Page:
ASUS added a DIY aspect to Gladius, and as such opening it is an easy enough task. There are 4 screws hidden under each slippy pad, and when those are removed, the mouse is open. No hidden clasps, no arcane hooks, or anything of the sort.
There’s also a 0.5mm space between each slippy pad at its edge, ensuring easy detaching and positioning of the PTFE pad.
With the mouse opened I was greeted by the top ROG branded PCB with a relatively clean layout. There’s a small sticker on one of the tightened screws, on the small PCB, warning that if removed, the warranty is null. Of course that didn't stop me, especially when said ticker is so easy to remove and re-attach.
Now, ASUS Gladius uses the Avago ADNS-S3988 optical sensor, the same one used by Razer's Deathadder 4G, incidentally one of the best sensors on the market to date.
Controlling the entire set-up is a 32-BIT, 72 MHz, ARM Cortex MCU, with 32KB flash memory and 10Kbytes SRAM, which is one of the most powerful MCUs currently used by gaming mice.
The clever part of ASUS' Gladius is the swappable switch mechanic. You see, instead of right / left / scroll switches being embedded on the PCB, a socket is implemented to allow easy replacement. ASUS ROG Gladius comes with 2xOMRON D2FN-F-FN pre-installed switches rated at 20 million clicks for left & right click, and one OMRON D2FC-3M switch rated at 3-million clicks lifespan, for the scroll wheel. The package also contains 2 other D2F-01F replacement switches, these ones rated at only a 1-million click life-span.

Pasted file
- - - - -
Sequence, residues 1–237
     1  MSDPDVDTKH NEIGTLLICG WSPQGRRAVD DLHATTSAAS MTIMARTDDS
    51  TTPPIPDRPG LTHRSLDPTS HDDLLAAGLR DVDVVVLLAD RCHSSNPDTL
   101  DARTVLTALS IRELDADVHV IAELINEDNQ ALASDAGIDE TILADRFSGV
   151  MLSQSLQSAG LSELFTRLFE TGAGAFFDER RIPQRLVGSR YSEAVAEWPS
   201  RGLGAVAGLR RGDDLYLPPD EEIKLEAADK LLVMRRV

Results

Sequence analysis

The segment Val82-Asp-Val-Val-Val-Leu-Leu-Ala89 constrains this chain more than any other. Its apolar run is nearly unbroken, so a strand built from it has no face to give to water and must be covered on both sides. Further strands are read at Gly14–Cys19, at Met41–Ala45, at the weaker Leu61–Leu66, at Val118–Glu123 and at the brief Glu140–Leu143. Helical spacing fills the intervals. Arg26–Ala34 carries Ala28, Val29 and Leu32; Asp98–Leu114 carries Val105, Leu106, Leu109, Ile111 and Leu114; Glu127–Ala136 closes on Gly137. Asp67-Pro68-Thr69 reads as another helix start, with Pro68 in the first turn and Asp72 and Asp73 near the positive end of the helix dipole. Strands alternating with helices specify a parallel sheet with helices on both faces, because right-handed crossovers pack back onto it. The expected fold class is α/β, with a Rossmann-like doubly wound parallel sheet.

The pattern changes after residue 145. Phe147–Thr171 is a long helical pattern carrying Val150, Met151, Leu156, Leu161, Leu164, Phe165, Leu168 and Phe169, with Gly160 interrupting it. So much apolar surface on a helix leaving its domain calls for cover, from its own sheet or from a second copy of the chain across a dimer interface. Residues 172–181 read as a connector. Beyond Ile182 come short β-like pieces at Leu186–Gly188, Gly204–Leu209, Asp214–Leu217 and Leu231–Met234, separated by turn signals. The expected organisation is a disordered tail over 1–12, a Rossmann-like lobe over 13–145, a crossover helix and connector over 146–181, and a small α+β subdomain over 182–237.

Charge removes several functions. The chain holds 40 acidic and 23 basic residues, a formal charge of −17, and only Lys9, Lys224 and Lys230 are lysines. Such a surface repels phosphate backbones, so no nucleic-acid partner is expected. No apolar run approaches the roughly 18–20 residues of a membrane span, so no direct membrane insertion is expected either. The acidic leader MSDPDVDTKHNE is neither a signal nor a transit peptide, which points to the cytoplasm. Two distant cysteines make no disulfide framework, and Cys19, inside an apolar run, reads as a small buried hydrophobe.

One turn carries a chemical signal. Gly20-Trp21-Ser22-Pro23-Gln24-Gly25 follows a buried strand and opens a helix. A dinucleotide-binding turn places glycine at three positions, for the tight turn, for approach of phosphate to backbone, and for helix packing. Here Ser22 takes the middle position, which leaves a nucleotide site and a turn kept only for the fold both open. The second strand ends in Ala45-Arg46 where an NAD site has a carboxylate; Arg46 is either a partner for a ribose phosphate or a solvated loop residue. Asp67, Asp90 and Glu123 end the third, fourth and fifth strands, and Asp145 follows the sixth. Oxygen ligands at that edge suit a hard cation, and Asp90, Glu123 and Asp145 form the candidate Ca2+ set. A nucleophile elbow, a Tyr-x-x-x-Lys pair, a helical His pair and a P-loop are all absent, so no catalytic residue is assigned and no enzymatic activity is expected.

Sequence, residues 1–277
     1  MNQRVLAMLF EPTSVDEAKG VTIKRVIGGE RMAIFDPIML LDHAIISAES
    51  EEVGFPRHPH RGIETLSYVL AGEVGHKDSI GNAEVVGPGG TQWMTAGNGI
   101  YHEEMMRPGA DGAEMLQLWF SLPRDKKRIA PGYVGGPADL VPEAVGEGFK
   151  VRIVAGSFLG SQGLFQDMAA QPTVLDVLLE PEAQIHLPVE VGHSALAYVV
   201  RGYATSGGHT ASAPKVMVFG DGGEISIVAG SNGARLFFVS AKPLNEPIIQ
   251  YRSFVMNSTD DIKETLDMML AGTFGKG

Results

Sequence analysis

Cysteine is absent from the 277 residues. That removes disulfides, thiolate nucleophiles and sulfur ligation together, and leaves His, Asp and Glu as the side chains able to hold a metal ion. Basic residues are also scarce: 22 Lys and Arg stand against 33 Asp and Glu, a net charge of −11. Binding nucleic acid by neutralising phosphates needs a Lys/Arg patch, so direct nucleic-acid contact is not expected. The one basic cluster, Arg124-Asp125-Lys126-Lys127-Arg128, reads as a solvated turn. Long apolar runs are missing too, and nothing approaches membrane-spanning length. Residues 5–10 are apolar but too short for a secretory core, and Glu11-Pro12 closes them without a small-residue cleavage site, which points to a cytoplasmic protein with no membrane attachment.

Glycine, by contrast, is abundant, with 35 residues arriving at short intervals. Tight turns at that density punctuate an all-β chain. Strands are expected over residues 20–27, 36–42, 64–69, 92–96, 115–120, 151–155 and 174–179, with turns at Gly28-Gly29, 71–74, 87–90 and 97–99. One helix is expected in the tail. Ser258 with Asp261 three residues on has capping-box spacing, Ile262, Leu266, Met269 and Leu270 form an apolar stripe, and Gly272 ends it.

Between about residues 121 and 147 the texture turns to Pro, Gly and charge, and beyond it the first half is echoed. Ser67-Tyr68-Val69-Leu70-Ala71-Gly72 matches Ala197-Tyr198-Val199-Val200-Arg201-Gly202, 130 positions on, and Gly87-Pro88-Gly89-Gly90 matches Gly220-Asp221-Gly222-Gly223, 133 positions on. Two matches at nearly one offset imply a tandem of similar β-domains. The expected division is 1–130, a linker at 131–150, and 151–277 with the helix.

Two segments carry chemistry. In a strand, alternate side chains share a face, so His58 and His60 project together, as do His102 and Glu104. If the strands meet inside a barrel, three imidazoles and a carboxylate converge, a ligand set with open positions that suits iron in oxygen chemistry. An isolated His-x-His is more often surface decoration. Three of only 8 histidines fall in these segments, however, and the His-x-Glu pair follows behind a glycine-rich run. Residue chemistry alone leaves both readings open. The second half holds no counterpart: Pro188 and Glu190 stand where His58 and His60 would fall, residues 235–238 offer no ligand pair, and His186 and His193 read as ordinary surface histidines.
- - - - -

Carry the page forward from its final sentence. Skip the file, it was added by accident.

The scroll wheel is ALPS made, and the ALPS brand was (and still is, somewhat) one of the most reputable mechanical switch manufacturers on the market. They used to make some really premium mechanical switches (they might be still be in the mech business, but they’re overshadowed by Cherry).
While the interior build is close to being perfect, it stumbles close to the finish line. The following complaint wouldn’t be a big issue on most other gaming mice, but in Gladius’ case it’s worth mentioning: On the secondary PCB, there are 3 switches which are not as reputable as the rest of the mouse is. In fact, I don't even know these blue microswitch type, I have never seen 'em in any previous mouse. They have a nice clicky feel similar to an OMRON, though less force for actuation.